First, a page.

By: Dave Jurasevich
On Friday night our group converged in the Mexican desert just off Mex Hwy 5 for a Saturday ascent of Cerro Pescadores. Participants. included Bill Stevens, Richard Carey, Rheta Schoeneman, Rob Langsdorf, Terry Flood and Cathy Hanchett, all from the San Diego area and Barbara Reber of Newport Beach. At first light on Saturday morning we caravaned in five 4WD vehicles to the start of our climb, a point near the gap in the frontal range of Pescadores approximately 1 kilometer NW of the 300+ meter hill with six antennae (actual count is seven) shown in the Peaks Guide. The hiking time on Pescadores was 3h30m up and 3h00m down via the following route:
Walk west for 50 yards into the wash, where you will be standing in the obvious gap of the frontal. range. At a bearing of 215 will be a prominent gendarme high on the ridge. This is the ridge you will climb to do Pescadores. Hike up the wash for approximately 1 mile toward the ridge, en-route passing by a 30 foot cliff on your left which is the junction of a large sand wash running behind the 300+ meter "seven antennae" hill. When you reach a fork where a major wash enters from the left, bear left and follow it for about 200 yards to the base of a rocky ridge on your right. Climb this long, rugged ridge, staying basically on the crest and passing the abovementioned gendarme on the way. A short distance beyond the gendarme the ridge will drop 150 feet to a notch. From this notch, bear right and up a scenic gully of decomposing granite with interesting weathered patterns (caves, potholes, arches, etc.). Near the top of this gully exit right and up over slabs to a saddle. From here either contour around or climb the ridgeline to the summit, approximately 1/4 mile to the west. Round Trip: 7 miles, 3100 ft. elev. gain.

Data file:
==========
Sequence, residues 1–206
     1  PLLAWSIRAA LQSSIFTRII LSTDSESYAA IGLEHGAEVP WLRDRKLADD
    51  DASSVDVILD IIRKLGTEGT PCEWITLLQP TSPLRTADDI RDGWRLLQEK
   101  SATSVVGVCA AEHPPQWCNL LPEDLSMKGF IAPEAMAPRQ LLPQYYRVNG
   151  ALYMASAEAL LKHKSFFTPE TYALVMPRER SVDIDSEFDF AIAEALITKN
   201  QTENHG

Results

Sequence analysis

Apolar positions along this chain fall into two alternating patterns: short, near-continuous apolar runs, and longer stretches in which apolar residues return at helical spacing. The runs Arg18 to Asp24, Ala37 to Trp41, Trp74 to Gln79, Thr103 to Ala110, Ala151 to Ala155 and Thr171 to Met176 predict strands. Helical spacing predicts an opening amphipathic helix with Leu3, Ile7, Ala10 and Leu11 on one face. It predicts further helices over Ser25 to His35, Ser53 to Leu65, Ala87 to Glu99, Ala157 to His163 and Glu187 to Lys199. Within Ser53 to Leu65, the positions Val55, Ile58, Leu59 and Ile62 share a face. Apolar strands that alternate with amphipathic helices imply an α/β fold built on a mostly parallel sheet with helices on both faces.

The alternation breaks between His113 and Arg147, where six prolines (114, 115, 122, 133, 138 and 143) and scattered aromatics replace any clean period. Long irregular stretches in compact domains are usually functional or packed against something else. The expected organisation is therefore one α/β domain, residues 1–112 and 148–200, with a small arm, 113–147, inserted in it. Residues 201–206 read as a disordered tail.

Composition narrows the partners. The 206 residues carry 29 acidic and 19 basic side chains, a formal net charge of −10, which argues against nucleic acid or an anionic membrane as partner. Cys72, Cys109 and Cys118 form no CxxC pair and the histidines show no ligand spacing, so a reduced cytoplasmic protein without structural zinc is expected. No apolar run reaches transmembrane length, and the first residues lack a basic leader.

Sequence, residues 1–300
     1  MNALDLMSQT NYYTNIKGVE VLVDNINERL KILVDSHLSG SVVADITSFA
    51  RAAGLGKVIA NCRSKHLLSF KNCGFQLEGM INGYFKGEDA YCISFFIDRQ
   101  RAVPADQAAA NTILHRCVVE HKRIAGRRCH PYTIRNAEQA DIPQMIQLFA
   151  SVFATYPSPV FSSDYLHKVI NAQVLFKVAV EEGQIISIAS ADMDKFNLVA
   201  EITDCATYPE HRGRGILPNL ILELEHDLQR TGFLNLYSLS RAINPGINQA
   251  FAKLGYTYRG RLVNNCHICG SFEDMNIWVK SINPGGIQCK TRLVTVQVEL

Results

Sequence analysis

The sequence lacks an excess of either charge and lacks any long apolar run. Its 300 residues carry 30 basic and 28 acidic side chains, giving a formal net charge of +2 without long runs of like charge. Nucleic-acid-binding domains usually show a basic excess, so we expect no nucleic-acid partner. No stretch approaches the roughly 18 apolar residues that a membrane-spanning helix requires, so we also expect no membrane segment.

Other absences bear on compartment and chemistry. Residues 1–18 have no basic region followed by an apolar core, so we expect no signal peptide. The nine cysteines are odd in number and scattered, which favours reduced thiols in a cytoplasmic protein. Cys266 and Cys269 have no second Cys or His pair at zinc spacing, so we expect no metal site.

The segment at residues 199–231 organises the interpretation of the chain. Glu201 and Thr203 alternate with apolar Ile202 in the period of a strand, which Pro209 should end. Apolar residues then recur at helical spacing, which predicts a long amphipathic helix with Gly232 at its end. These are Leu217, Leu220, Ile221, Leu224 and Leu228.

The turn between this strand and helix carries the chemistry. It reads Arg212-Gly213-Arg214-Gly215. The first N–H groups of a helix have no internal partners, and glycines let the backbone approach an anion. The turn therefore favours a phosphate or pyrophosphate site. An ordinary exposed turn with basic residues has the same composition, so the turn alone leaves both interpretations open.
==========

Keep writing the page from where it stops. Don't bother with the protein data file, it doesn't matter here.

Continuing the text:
After the hike, Bill Stevens left us for a marathon drive to join a Ron Jones trip in progress on Granite #2. The rest of us spent the evening around a campfire not far from where we started the hike that morning. On Sunday morning everybody went their own ways, and I stayed behind to scout out the labyrinth of roads on the desert floor between Pescadores and Hwy 5. In the course of that investigation, I found a more direct approach to the roadhead than is currently described in the DPS Peaks Guide (see accompanying map and DRIVE/APPROACH directions). This is definitely a 4WD route with lots of deep, soft sand along the way. The writer cautions against driving this route with a single vehicle; better to go with two or more 4WD's in case someone gets bogged down in the sand. AAA won't make calls in Mexican sand washes.
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